Nevada law permits bad faith insurance claims between first-party claimants and insurance companies because the parties have a contractual relationship. If it is proven that the insurance company acted in bad faith, the claimant is entitled to damages.
Bad Faith Insurance Claims
In Nevada, the law states that every contract imposes the duty of good faith and fair dealing upon the contracting parties. A breach of contract or failure to perform duties in good faith constitutes “bad faith” between the parties in the contract. Bad faith insurance claims typically arise because insurance companies deny policy benefits with no reasonable basis for the denial. The Nevada Supreme Court recognizes bad faith first-party claims and allows insured parties to file a claim or a lawsuit for damages with attorneys for insurance claims.
In contrast, third-party claimants do not have a contractual relationship with insurers and have no standing to claim bad faith. There are two different standards to determine whether an insurance company has acted in first-party bad faith with regard to its insured:
- A claimant can prove that an insurer breached the covenant of good faith and fair dealing without proper cause. To prove a bad faith claim, an insured policyholder only has to prove that the insurance company failed to pay or delayed payment without proper cause.
- A claimant can prove that an insurer acted with knowledge or reckless disregard in denying or delaying payment. To determine if laws were violated by the insurer, the actions of the insurance company are compared to the actions of other insurers’ reasonable conduct under the same circumstances.
In certain cases where a third-party claimant is the intended beneficiary of an insurance policy, the claimant may assume that he/she has a sufficient relationship to support a bad faith claim against the insurance carrier. However, there is nothing in Nevada’s absolute-liability statute that recognizes a contractual relationship between an insurer and a third party for bad faith claims.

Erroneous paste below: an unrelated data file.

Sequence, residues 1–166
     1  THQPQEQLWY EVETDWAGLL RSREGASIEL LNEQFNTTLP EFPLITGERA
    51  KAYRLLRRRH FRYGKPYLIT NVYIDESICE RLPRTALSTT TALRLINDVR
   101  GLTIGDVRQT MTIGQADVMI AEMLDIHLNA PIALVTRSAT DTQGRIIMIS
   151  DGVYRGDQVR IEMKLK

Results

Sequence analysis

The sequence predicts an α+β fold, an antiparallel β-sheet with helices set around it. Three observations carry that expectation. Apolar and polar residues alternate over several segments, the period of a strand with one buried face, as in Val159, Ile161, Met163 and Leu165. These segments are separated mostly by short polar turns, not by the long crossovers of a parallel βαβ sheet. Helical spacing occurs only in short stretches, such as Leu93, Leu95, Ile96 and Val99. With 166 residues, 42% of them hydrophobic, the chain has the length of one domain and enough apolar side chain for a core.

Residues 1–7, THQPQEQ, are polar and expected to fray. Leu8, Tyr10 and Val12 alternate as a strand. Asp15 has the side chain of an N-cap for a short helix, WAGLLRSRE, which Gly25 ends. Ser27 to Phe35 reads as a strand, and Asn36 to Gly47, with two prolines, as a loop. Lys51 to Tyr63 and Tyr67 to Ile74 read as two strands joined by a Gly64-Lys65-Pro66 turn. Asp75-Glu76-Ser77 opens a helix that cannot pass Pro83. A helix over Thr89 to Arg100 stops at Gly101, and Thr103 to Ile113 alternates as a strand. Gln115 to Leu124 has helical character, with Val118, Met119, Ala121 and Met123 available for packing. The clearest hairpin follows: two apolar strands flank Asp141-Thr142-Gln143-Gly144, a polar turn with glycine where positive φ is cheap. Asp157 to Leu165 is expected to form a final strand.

If an insured party files a bad faith lawsuit with attorneys for insurance claims, the case must be proven in court according to Nevada insurance laws. If an insurance company simply denies or fails to pay policy benefits or delays benefits, this is not enough to prove bad faith. The insured party must prove that the claim was denied without reasonable basis and/or that the insurance company acted recklessly when reviewing the claim. If the insurance company makes an error in the claim valuations or disputes the value of the claim, or if parties disagree about the value of the claim, that does not constitute bad faith according to Nevada laws.
Proving a Bad Faith Claim in Court
To prove a bad faith insurance claim in court, a claimant must prove the following:
- The insured and the insurance company entered into a contractual agreement
- The insurer owed a duty of good faith to the insured party
- The insurer breached the duty of good faith
- The insured party suffered damages as a result of the breach
Insurance companies frequently attempt to deny or underpay claims, even when they acknowledge that a claim is covered by the insurance policy. There are many examples of how an insurance company can commit bad faith. These include: unreasonable denial of a claim; unreasonable denial of benefits; intentionally delaying benefits; failure to promptly and thoroughly investigate a claim; unreasonable interpretations in translating policy language; and refusal to settle a claim or reimburse a claimant for losses.
Collecting Damages for Bad Faith Claims
Disputes and bad faith claims can occur in a variety of different types of insurance including: Auto insurance; Health insurance; Disability insurance; Life insurance; Homeowners insurance; and Commercial insurance.
If a Nevada court finds that an insurance company acted in bad faith, an insured party is eligible to recover the benefits of the policy for the claim, as well as losses and damages suffered for lost income, emotional distress, and attorney fees. In some cases where the insurance company has exhibited intentional or malicious conduct or flagrant actions, punitive damages may be awarded to punish the insurance company and deter other insurers from acting in bad faith.
In Nevada, filing a bad faith lawsuit with attorneys for insurance claims is not limited by a one-year statute of limitations which is imposed on breach of contract claims. Bad faith claims and UCPA claims (Unfair Claims Practices Act) are not subject to the statute of limitations because the court considers liability in these claims to be created by law rather than a contract. In bad faith lawsuits, the Court points out that it would be unfair to time-bar an insured from compensation.